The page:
Commenting briefly (vs. 16-21) on the parting statement of Jesus (v. 15), the gospel narrative returns to the ministry of John the Baptist (vs. 23-30).

A question concerning religious practice was used as an opportunity to plant, if possible, seeds of
jealousy between John and Jesus. How did John
respond? He reminded those Jews that he had told them previously that he was "not the Messiah," but was "sent before Him" (vs. 28; 1:20). Then from lips which betokened a life born from above, he declared - "He must increase, but I must decrease."

Here was man of whom Jesus would testify that "among them which are born of women there hath not risen a greater than" he. (Matt. 11:11). He was born to an elderly couple. We are not told how old he was when he laid them to rest. He chase not to follow his father in temple service for he "'was in the deserts till the day of his showing unto Israel" (Luke 1:80). His dress and his food was what could be found in the desert. (Matt. 3:4). He never married. There were none to inherit his patrimony. He began to proclaim the message given to Him by God the year he baptized Jesus. In less than two years the "burning and shining light" (John 5:35) would be extinguished in martyrdom. The Spirit leads where it wills, and the one born from above follows, accepting in full assurance that "Voice of gentle stillness" as it "whispers softly, - 'Wanderer, come! Follow Me, I'll guide thee home."' --- (2002 Oct) --- End --- TOP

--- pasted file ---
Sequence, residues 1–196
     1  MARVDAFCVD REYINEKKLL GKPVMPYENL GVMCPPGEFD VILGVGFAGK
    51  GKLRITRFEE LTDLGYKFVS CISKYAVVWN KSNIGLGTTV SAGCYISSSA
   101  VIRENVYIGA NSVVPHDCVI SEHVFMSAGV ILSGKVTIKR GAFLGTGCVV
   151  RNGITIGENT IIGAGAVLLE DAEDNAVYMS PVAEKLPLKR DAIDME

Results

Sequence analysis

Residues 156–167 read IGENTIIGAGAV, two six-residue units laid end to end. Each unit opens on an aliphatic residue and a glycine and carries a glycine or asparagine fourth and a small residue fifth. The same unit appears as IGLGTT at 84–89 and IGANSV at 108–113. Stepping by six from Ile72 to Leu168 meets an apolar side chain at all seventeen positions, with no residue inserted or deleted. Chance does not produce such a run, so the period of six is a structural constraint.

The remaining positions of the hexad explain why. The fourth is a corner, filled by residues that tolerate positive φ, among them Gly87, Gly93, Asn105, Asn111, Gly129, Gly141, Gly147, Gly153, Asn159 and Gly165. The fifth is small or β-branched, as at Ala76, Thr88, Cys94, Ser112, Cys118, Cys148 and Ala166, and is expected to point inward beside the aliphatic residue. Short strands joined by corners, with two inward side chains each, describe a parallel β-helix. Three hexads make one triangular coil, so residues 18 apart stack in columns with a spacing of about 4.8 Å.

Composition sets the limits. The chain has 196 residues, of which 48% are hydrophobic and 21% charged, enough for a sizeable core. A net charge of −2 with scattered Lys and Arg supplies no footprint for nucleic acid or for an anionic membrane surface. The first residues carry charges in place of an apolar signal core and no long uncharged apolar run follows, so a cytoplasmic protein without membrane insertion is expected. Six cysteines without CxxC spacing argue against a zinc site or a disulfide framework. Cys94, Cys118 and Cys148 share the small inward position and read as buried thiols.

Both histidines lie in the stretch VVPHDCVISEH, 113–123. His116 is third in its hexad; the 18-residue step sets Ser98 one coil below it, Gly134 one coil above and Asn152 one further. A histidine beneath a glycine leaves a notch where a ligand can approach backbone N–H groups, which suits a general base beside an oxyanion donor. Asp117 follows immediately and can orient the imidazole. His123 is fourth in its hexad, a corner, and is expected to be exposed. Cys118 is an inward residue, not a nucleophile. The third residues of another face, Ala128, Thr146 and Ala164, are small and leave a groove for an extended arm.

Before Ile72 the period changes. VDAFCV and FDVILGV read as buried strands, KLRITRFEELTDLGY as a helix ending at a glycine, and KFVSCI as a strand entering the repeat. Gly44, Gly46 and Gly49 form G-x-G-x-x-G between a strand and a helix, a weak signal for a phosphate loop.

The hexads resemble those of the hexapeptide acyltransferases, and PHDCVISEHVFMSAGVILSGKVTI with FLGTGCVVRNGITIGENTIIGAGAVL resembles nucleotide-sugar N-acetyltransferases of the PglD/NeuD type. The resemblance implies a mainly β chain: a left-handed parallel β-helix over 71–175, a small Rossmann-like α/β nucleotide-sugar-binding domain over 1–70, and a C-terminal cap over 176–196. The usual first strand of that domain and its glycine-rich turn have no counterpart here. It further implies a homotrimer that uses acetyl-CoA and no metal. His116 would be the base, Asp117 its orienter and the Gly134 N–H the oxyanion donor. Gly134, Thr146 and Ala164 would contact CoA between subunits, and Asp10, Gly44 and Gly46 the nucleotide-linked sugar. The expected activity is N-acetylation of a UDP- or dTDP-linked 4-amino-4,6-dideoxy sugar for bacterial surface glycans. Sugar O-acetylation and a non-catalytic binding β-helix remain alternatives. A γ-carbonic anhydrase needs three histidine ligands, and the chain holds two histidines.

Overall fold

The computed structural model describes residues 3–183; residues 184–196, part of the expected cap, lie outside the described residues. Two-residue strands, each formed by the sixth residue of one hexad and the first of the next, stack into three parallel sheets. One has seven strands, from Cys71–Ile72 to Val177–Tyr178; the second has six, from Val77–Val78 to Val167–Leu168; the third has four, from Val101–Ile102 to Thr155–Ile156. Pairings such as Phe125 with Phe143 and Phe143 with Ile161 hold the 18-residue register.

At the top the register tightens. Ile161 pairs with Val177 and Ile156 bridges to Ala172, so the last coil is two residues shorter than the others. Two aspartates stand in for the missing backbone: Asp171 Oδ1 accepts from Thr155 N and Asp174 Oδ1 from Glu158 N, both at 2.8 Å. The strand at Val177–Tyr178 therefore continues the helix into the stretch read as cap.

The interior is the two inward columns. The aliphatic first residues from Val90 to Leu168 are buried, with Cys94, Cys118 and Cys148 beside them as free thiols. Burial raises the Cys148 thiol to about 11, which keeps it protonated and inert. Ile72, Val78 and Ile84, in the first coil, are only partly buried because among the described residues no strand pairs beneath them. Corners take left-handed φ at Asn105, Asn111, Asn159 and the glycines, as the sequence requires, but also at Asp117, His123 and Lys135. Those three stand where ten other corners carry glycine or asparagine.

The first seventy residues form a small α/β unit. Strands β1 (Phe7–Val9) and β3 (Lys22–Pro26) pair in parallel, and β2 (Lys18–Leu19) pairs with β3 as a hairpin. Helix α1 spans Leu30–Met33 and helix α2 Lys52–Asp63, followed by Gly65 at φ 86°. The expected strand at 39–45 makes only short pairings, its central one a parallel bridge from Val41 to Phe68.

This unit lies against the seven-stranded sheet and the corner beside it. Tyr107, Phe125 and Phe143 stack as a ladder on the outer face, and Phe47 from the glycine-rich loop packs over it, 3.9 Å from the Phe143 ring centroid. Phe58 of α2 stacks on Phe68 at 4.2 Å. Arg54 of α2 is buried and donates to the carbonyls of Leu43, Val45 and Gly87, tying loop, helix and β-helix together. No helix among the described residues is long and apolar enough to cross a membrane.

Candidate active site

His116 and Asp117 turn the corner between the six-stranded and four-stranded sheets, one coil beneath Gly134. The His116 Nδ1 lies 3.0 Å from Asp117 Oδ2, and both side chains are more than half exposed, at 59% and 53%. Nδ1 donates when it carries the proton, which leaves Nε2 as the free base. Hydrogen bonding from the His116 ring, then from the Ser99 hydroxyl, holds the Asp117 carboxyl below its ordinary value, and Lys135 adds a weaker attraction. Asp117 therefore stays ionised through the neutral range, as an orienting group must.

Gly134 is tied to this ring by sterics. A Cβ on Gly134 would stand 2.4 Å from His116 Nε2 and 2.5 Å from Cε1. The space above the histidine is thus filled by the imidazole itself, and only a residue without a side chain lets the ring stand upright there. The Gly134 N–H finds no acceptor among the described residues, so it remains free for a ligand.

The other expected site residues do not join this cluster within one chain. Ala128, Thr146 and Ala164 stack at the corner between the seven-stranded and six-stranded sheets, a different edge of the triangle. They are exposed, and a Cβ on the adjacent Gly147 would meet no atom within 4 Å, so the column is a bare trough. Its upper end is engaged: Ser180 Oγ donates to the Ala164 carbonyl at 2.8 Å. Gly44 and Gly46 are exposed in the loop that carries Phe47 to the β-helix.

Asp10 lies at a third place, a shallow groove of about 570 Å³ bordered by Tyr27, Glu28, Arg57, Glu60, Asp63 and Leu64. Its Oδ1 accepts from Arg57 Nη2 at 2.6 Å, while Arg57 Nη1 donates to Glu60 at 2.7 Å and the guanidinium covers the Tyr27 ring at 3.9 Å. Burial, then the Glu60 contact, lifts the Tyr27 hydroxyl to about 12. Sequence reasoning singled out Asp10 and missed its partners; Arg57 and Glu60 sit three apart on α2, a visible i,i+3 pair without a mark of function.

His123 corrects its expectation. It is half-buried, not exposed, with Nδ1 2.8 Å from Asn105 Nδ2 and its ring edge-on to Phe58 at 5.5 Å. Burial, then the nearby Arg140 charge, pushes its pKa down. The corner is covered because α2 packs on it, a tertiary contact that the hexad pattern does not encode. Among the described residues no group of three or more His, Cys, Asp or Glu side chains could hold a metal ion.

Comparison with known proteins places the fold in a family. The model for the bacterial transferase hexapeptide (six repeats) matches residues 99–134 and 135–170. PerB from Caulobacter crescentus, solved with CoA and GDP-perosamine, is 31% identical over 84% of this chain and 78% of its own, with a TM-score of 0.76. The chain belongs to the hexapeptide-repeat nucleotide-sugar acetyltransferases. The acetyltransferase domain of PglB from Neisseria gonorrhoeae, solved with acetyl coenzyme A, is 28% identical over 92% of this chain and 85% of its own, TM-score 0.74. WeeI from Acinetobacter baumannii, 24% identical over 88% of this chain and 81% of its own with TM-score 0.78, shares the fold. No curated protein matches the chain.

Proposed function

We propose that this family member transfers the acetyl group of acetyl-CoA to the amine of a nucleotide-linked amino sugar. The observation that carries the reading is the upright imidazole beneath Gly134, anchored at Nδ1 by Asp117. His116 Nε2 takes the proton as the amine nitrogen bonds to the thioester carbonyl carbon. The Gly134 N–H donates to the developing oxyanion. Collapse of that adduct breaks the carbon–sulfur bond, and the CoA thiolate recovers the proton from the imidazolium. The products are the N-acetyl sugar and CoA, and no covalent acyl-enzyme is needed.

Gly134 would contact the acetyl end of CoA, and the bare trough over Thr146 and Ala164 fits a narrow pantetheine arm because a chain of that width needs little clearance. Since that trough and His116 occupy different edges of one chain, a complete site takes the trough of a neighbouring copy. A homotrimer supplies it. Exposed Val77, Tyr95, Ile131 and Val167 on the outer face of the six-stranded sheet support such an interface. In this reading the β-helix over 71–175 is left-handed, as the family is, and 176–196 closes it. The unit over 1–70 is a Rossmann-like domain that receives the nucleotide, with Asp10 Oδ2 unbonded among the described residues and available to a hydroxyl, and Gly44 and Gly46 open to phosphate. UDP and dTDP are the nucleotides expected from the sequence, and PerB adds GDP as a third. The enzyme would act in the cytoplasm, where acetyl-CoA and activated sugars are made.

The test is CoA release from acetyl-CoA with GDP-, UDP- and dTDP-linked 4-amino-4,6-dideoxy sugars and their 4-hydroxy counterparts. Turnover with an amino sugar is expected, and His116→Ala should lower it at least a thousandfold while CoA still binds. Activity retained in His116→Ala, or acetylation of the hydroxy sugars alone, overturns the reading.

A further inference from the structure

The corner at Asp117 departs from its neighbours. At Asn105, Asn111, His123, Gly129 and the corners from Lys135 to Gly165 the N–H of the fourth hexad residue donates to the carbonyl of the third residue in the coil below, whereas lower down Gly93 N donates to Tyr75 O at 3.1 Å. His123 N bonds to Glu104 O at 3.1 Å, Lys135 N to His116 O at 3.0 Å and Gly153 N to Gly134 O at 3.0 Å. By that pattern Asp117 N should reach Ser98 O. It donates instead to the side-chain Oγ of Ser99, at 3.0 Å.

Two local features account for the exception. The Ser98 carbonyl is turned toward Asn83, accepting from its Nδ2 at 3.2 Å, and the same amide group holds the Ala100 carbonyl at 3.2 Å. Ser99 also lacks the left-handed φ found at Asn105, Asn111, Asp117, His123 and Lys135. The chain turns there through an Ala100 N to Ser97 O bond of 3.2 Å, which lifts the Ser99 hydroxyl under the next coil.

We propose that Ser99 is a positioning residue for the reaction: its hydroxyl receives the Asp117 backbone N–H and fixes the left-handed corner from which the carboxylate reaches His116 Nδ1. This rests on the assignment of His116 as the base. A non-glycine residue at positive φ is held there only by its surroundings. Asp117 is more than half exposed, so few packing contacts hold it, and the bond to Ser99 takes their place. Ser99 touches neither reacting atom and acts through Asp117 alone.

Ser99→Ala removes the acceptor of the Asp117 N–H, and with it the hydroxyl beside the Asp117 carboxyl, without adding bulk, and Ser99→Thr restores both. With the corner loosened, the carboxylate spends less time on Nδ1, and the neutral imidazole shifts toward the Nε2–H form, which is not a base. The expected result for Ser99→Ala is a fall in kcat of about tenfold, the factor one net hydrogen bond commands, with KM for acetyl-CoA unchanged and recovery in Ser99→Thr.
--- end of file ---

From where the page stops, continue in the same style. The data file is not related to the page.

2002 Nov -- XXXV -- 11(02) -- This Year -- In Retrospect -- Editor's Preface -- Since in the November issue of WWN we insert the listing of the manuscripts and publications available through the Foundation, the actual size of the publication is reduced one page. During the years, we have at times brought together for the November issue, news from the ecumenical world. This year, we will note in review some of the high points which were discussed during the year and update some of the issues, such as the crisis which has rocked the Roman Church.